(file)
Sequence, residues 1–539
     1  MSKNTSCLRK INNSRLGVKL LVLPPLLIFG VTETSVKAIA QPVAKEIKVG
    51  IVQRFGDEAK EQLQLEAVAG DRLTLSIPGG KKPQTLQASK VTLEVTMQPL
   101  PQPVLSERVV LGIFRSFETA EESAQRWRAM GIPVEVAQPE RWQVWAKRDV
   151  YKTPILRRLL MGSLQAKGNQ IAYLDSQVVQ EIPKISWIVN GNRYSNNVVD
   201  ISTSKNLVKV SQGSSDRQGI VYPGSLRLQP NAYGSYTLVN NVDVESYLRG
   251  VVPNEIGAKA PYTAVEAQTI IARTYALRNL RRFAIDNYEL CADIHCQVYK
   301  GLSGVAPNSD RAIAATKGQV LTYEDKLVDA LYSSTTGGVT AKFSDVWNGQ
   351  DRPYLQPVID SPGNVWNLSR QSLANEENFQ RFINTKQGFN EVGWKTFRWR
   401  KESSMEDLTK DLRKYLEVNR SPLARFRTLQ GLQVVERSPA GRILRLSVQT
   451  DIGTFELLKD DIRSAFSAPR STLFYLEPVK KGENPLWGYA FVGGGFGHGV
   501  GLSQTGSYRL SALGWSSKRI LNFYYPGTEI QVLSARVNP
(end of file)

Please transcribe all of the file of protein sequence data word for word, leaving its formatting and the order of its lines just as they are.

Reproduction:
Sequence, residues 1–539
     1  MSKNTSCLRK INNSRLGVKL LVLPPLLIFG VTETSVKAIA QPVAKEIKVG
    51  IVQRFGDEAK EQLQLEAVAG DRLTLSIPGG KKPQTLQASK VTLEVTMQPL
   101  PQPVLSERVV LGIFRSFETA EESAQRWRAM GIPVEVAQPE RWQVWAKRDV
   151  YKTPILRRLL MGSLQAKGNQ IAYLDSQVVQ EIPKISWIVN GNRYSNNVVD
   201  ISTSKNLVKV SQGSSDRQGI VYPGSLRLQP NAYGSYTLVN NVDVESYLRG
   251  VVPNEIGAKA PYTAVEAQTI IARTYALRNL RRFAIDNYEL CADIHCQVYK
   301  GLSGVAPNSD RAIAATKGQV LTYEDKLVDA LYSSTTGGVT AKFSDVWNGQ
   351  DRPYLQPVID SPGNVWNLSR QSLANEENFQ RFINTKQGFN EVGWKTFRWR
   401  KESSMEDLTK DLRKYLEVNR SPLARFRTLQ GLQVVERSPA GRILRLSVQT
   451  DIGTFELLKD DIRSAFSAPR STLFYLEPVK KGENPLWGYA FVGGGFGHGV
   501  GLSQTGSYRL SALGWSSKRI LNFYYPGTEI QVLSARVNP